Common Core State Standards
For the US to remain competitive globally, we must ensure all children, no matter where they live, are provided the best education possible and are prepared to go to work or college when they finish high school.
The Common Core State Standards provide a consistent, clear understanding of what students are expected to learn, so teachers and parents know what they need to do to help them. The standards are designed to be robust and relevant to the real world, reflecting the knowledge and skills that our young people need for success in college and careers. With American students fully prepared for the future, our communities will be best positioned to compete successfully in the global economy. The Common Core State Standards are anchored by requirements for college and career success, providing a more accurate and rigorous description of academic readiness.
In Mathematics, the standards lay a solid foundation in whole numbers, addition, subtraction, multiplication, division, fractions, and decimals. Taken together, these elements support a student’s ability to learn and apply more demanding math concepts and procedures. The middle school and high school standards call on students to practice applying mathematical ways of thinking to real world issues and challenges; they prepare students to think and reason mathematically. Because of the type of writing needed in the workplace and college, the English Language Arts Standards put a greater emphasis on writing arguments. And because college and career readiness focuses on complex texts outside of literature, the standards also ensure students are reading, writing, and researching in history and science, in addition to literature. Evidence shows that the complexity of texts students are required to read in school today does not match what is demanded in college and the workplace, creating a gap between what high school students can do and what they need to be able to do. They create a staircase of increasing text complexity so that students are expected to develop their skills and apply them to more and more complex texts.
In our 21st Century economy, a quality education for all children is necessary to prepare them to prosper in work and life.
Introduce a Girl to Engineering
ExxonMobil annually hosts “Introduce a Girl to Engineering” events at company sites across the country with activities designed to encourage careers in engineering. The program seeks to promote curiosity among middle school students, and particularly help shrink the gender gap in science, technology, engineering and math (STEM) fields. For more than a decade, hundreds of company employees have helped demonstrate to more than 4,000 students that engineering careers are not only exciting, rewarding and diverse, but also offer the power to make a difference in society.
ExxonMobil provides grants to local, regional, national and international Junior Achievement organizations that educate and inspire young people to understand business and economics, while also preparing them to enter the workforce. In addition, trained ExxonMobil employee volunteers lead specific lesson plans at schools of their choice. Junior Achievement has added a science and math component to the Junior Achievement curriculum.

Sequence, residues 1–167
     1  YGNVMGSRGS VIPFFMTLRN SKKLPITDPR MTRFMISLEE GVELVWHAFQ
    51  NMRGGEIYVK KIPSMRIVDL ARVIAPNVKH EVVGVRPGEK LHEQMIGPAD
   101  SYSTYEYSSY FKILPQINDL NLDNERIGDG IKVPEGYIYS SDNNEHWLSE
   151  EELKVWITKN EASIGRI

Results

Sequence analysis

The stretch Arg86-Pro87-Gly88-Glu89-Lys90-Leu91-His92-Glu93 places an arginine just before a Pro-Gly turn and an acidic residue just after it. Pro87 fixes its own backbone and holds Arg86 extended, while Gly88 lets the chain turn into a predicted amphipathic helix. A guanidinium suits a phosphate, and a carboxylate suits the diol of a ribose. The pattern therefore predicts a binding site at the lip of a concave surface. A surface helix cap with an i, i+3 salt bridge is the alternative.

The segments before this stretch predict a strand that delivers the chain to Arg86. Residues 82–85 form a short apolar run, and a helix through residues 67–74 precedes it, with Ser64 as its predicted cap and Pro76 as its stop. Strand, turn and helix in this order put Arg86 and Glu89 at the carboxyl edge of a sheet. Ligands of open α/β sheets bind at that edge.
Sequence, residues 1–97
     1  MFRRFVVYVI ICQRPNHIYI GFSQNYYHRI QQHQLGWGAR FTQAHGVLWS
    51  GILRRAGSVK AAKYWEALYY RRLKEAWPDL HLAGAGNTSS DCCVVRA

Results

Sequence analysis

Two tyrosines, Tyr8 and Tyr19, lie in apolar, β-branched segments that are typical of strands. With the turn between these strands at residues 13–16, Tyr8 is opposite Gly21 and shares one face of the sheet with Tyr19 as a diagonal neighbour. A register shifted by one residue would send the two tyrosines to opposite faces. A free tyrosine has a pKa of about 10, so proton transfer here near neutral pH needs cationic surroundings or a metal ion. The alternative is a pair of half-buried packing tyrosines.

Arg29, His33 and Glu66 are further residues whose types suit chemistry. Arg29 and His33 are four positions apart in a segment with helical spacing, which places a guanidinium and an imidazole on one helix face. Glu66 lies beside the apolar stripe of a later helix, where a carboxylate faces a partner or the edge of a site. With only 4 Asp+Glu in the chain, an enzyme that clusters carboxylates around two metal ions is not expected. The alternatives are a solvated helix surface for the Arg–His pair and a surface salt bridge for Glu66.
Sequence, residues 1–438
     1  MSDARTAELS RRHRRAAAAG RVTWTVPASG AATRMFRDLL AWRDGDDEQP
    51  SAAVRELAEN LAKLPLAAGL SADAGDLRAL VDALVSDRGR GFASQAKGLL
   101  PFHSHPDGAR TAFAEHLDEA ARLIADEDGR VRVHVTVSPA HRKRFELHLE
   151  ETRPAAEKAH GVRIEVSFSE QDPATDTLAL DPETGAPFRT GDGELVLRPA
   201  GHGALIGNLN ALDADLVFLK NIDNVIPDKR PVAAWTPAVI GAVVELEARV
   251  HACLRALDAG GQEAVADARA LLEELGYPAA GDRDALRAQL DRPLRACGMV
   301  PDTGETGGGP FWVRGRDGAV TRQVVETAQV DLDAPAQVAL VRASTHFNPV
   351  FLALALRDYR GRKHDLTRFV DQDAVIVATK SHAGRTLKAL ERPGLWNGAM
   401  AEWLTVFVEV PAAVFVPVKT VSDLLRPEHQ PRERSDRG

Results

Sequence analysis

National Action Council for Minorities in Engineering (NACME)
NACME, founded more than 30 years ago, and supported by corporations, has the goal of leading the effort to increase the representation of minority men and women in engineering and related careers. Block grants for scholarships are awarded to universities that have a track record and a focus to increase the number of minority engineering graduates. In addition, NACME is helping establish engineering academics in more than 100 inner city high schools.
National Science Teachers Association (NSTA)
ExxonMobil has provided NSTA with a $2 million grant in support of their National Learning Center. Through this initiative, ExxonMobil and NSTA will provide a new online professional development program to upper elementary and middle school teachers in selected school districts.
ExxonMobil provides funds to selected organizations and universities that seek to improve the career opportunities of women and minorities, particularly in science, technology, engineering and mathematics. For example, ExxonMobil contributes to Society of Women Engineers programs that strive to attract women to engineering and technical professions. Other organizations funded by ExxonMobil include the National Society of Black Engineers, the Hispanic Heritage Foundation Youth Awards and the Society for Hispanic Professional Engineers.
Science Ambassador Program
ExxonMobil employees participate in an in-class volunteer program focused on education in science, technology, engineering and mathematics targeted at middle school students.
SECME is a strategic alliance that partners schools, universities, industry and government to renew and strengthen the professional capacity of K-12 educators; motivate and mentor students; and, empower parents and communities to prepare minority youth for careers in the math, science, engineering and technology fields. ExxonMobil’s support of SECME directly aids several initiatives including the Summer Institute for Teachers.
Society of Women Engineers (SWE)
ExxonMobil’s contribution to SWE is used to support outreach programs to attract young women to the fields of engineering. As a longstanding partner of SWE, ExxonMobil supports Invent It. Build It., a hands-on engineering program for middle school girls, specifically Girl Scouts. Held annually during SWE’s national conference, the program introduces girls to the benefits of STEM careers through interactive challenges coordinated by PBS’ Design Squad Nation, engaging presentations from industry leaders and a parallel initiative for parents and educators.